Having POC Teachers are Important Especially to POC students

 Having minority teachers is very necessary especially for POC students because having someone who looks like you in a position of power can positively affect students. Many minority students go on to having one or no minority teachers at all. I interviewed one of my fellow classmates on their experiences with having minority teachers.  My classmate Niah Sanchez didn’t have a Hispanic teacher until 7th grade and has never had a black teacher in her whole school career. 

       The lack of diversity in the teaching profession is severe. In my personal experience, when I was young I attended a bilingual school where students learned English and Spanish. Every teacher except for my kindergarten teacher were all white, I was being taught Spanish by people who had no ties to the culture or language they were teaching . This didn’t make them less qualified but as a Hispanic student student who was learning my home language from people who didn’t look like me or my family made me feel unrepresented in some sort of way. 

        7 percent of all public school teachers  in the U.S. are minorities. There have been efforts to diversify the teaching workforce but the percentage of black teachers has dropped in the last 20 years.  Due to the lack of POC teachers students in different schools around the country have started boycotting by not going to their classes.  At the University of Texas, 300 students out of  1,500 law schools boycotted their classes due to the lack of Mexican-American staff. In the article “Law Schools Boycotted Over Lack Of Minority Teachers’ ‘ one of the students who helped organize the boycott said “One Texan in four is Mexican-American, and we don’t have a single Mexican-American  faculty member in law school”. 7.5% or 501 out of 6,555 full time faculty members at the 175 law schools  accredited by The American Bar Association belongs to minority groups: 310 are black, 60 Asian-American, 15 American Indian, 31 Mexican American, 52 are Puerto Rican and 33 are Hispanic with other ethnic backgrounds. 

 A lot of people may not think this is having an actual impact on students but 48 Berkeley students were arrested due to standing up for feeling unrepresented. Students shouldn’t have to risk their education and possibly their freedom for the lack of POCs teachers in the education system. In an article published by the national school boards association states that “Studies show all students benefit when they have access to teachers of color, but this is especially true for minority children. They have better academic performance, improved graduation rates, and are more likely to attend college when taught by teachers of color”. The reasoning behind this is because POC teachers hold minority students to higher expectations. There have been studies conducted that white teachers are less likely to send minority students to gifted programs or groups even if the child’s test scores are the same as other white students in said programs. This is called implicit bias,which happens a lot in the classroom. Most teachers do not mean to single minority students out, but it’s still a big problem that seems to be swept under the rug.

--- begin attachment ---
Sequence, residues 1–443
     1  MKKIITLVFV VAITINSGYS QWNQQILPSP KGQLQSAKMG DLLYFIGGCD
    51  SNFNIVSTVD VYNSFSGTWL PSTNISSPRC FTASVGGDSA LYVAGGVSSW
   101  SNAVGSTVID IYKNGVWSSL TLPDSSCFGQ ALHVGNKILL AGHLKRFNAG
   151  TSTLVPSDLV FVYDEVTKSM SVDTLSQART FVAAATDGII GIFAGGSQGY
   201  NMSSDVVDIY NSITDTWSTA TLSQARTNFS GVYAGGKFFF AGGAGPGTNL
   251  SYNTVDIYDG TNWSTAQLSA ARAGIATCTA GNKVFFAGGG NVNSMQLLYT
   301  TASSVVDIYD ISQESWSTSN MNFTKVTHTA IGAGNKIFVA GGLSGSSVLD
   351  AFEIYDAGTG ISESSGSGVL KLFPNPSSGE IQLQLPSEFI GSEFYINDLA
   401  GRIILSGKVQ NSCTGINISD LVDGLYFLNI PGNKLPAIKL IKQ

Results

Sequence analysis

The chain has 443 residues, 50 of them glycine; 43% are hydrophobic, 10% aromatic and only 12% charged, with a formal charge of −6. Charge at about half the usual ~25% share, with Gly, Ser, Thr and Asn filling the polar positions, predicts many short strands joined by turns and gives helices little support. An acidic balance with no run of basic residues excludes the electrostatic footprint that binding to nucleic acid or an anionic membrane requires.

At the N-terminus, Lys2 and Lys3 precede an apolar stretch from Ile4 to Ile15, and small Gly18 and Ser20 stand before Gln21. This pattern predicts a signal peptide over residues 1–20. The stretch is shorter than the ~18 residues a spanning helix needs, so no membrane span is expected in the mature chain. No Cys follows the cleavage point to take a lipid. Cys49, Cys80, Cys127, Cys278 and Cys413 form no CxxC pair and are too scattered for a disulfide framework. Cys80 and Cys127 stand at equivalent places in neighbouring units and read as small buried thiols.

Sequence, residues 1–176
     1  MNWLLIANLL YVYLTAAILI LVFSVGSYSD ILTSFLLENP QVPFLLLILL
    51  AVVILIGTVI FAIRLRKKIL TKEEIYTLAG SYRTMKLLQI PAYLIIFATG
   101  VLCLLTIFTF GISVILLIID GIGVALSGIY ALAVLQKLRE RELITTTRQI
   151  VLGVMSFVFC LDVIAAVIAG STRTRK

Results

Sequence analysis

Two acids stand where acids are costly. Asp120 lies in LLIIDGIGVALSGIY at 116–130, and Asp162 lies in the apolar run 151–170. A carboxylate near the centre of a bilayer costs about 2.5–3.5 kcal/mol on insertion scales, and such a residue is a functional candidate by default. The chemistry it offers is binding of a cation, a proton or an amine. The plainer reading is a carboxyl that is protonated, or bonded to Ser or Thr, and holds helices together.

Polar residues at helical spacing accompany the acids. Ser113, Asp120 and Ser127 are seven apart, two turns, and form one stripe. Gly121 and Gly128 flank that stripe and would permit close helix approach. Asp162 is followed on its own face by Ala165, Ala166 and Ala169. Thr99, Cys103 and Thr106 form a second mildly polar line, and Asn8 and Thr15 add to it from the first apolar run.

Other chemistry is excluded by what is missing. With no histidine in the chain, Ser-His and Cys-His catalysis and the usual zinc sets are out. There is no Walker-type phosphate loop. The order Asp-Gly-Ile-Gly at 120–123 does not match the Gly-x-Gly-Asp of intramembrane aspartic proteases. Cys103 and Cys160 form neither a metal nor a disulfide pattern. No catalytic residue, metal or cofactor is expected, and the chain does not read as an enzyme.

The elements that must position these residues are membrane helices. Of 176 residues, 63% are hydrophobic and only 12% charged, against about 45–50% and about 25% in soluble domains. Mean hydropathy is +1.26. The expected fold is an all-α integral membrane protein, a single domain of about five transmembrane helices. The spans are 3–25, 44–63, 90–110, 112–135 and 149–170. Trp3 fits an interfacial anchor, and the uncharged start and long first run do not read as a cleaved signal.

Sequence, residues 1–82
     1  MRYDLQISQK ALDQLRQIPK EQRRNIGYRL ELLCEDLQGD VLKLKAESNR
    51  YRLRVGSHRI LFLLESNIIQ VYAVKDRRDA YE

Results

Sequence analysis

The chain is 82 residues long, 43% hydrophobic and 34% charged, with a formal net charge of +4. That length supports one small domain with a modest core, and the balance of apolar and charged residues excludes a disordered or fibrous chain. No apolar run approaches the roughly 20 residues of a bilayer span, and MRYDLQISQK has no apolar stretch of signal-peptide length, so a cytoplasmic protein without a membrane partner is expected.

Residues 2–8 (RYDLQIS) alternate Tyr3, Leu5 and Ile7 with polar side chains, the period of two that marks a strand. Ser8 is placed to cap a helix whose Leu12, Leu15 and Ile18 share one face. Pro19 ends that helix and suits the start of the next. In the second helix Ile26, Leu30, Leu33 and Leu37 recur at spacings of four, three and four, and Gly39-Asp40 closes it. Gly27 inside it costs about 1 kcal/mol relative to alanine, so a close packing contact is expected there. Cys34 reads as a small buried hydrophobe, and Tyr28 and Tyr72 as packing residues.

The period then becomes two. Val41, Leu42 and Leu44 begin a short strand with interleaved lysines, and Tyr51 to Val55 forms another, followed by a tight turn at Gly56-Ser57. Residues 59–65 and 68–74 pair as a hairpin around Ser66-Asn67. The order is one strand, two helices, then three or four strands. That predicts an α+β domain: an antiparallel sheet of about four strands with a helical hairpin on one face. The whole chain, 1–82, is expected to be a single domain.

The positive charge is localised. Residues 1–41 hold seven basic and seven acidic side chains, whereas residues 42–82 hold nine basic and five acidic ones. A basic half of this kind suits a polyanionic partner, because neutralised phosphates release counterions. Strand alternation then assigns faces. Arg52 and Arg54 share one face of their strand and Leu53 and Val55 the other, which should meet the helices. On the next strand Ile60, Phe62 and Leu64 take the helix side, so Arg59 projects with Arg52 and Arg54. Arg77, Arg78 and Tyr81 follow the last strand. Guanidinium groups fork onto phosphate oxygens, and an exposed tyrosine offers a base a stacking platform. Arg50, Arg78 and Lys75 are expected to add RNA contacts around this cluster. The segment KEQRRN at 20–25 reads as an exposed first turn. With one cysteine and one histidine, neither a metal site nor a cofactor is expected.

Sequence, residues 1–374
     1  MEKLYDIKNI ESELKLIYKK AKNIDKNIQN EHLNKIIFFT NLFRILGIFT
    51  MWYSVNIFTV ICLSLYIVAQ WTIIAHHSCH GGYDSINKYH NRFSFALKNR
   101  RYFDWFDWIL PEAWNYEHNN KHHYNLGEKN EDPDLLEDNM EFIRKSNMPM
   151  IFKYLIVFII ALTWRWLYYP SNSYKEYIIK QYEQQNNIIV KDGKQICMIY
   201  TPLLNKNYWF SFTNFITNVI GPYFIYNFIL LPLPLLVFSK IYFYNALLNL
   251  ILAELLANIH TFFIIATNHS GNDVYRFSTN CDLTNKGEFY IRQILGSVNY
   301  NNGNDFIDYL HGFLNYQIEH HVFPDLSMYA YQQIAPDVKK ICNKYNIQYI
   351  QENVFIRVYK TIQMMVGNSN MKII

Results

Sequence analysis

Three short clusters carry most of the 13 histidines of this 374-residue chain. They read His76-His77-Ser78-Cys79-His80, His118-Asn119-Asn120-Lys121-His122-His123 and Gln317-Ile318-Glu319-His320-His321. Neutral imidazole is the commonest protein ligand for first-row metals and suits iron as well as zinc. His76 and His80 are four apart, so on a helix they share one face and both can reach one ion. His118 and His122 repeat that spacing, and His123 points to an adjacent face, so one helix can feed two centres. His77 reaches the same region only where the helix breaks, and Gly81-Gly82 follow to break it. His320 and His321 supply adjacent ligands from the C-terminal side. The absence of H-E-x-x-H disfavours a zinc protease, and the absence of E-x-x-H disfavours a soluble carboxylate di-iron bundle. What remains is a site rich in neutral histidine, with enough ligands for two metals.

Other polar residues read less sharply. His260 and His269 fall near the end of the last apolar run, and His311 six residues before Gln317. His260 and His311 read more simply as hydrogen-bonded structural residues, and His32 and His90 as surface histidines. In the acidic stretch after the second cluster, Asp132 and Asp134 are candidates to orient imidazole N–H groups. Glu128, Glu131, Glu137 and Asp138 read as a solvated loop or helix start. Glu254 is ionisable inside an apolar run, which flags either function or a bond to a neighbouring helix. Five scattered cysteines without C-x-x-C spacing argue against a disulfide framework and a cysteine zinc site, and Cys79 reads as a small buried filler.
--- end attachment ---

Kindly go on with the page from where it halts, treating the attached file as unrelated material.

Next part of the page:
In an article published to the New York Times, it states “A variety of research, for instance, has shown that teachers tend to assess black students differently from white students. Preschool teachers judge black children more harshly for the same behavior. White teachers are less likely than black teachers to assign black students to gifted and talented programs even if their test scores match those of white students. When black students had both a white and black teacher, the black teachers consistently had higher expectations for the children’s potential.”  Due to implicit bias many students of color don’t often go on to higher education because they feel like it’s impossible for someone who looks like them to do so.

      This is no way saying that white people shouldn’t become teachers and that they aren’t qualified. In my experiences I have had white teachers who have really impacted me and helped me become a better person and student. Miller  explains how having both white and minority teachers could truly change a students life and how some teachers need training on how not to have some sort of bias against POC students even if that wasn’t their intention.

    In all 13 years of me being a public school student I have had a total of 5 minority teachers and they have all left their mark on me one way or another. In 8th grade I was lucky enough to have 2 POC teachers, Mr.Toney and Ms.Reyes. These 2 teachers truly showed me that if I put in the work I would be able to accomplish anything. Before having them as teachers I truly doubted myself and wondered how someone who looks like me will be able to go out in a world with a system that’s rigged against people who look like me and succeed. They opened my eyes and made me realize that I had potential to make it far and I’m extremely grateful to have those 2 as teachers. Ms. Mendez, my sophomore year Spanish teacher, made me proud of my culture and  taught me to never back down from a challenge. This is what every minority student should have. They should have teachers who show them that people who speak and look like them can truly do much more in life and who knows these students can possibly one day become that teacher that students look up to.